Demonstration of strength of an artificial muscle. Inspired by the folding power of origami, US researchers said November 27, 2017 they have crafted cheap, artificial muscles for robots that give them the power to lift up to 1,000 times their own weight. Photo: MIT CSAIL/Harvard Wyss Institute via AFP

Researchers funded by the US Defense Advanced Research Projects Agency (DARPA) have reportedly made a breakthrough in creating robot “muscles” that rely on hydraulics rather than electric motors to perform their activities.

Defense One writer Patrick Tucker says the development may allow future military robots to come in “softer, more cuddly, and stranger forms.”

Tucker says the partly DARPA-funded project included a team of researchers from the MIT Computer Science and Artificial Intelligence Laboratory, along with scientists from Harvard University’s Wyss Institute.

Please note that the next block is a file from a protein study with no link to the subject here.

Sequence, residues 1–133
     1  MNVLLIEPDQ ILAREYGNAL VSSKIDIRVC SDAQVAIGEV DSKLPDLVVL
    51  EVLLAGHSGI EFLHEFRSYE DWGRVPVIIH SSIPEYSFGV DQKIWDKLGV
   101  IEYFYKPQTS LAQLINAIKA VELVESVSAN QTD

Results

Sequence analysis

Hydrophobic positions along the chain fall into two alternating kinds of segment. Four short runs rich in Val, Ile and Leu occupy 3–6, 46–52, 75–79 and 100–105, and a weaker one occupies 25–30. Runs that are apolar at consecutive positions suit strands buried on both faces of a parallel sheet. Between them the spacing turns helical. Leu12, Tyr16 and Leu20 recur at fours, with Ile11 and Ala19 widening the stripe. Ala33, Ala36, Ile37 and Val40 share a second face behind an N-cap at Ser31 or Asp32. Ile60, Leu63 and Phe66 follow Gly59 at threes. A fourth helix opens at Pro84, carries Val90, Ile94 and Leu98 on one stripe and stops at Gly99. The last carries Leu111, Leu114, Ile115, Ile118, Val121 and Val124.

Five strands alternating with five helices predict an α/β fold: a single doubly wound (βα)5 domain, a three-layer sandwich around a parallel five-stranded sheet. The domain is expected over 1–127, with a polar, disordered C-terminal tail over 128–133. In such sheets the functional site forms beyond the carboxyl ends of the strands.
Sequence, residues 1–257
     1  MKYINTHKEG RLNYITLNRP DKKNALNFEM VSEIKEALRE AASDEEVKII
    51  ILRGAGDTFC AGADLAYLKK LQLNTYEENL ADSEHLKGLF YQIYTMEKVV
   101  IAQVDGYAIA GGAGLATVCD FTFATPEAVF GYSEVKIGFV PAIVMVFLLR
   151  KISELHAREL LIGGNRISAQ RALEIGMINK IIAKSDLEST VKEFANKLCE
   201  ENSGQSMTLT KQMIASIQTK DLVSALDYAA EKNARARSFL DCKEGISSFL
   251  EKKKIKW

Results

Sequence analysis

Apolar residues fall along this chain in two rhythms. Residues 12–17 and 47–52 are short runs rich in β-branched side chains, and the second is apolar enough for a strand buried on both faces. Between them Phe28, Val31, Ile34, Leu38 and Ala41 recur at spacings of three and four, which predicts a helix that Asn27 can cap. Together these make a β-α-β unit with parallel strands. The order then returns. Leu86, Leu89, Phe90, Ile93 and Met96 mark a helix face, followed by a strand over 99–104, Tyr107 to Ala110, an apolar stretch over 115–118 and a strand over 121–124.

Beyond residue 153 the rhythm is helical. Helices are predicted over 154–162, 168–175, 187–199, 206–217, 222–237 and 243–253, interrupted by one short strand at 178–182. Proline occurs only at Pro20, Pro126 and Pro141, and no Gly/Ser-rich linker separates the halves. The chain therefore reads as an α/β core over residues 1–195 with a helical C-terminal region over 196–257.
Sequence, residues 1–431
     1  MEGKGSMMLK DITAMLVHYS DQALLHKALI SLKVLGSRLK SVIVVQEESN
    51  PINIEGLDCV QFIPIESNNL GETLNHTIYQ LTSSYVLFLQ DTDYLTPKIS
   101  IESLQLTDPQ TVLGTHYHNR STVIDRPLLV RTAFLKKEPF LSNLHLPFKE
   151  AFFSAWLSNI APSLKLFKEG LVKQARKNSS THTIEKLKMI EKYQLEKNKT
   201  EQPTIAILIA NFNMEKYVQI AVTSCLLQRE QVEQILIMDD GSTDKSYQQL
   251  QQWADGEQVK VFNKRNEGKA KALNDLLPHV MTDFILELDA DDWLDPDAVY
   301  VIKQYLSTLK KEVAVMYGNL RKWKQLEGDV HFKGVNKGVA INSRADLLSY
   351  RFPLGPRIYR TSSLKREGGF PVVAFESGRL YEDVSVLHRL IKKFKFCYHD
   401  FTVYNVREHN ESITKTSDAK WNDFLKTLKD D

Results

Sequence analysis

“These muscles are strong – the researchers say their 2.6-gram robot muscle can lift a 3-kilogram object, like a ‘mallard duck lifting a car’ — and can shrink to 10 percent of their original size, all while using much less power than typical metal-and-circuit robots,” Tucker wrote.

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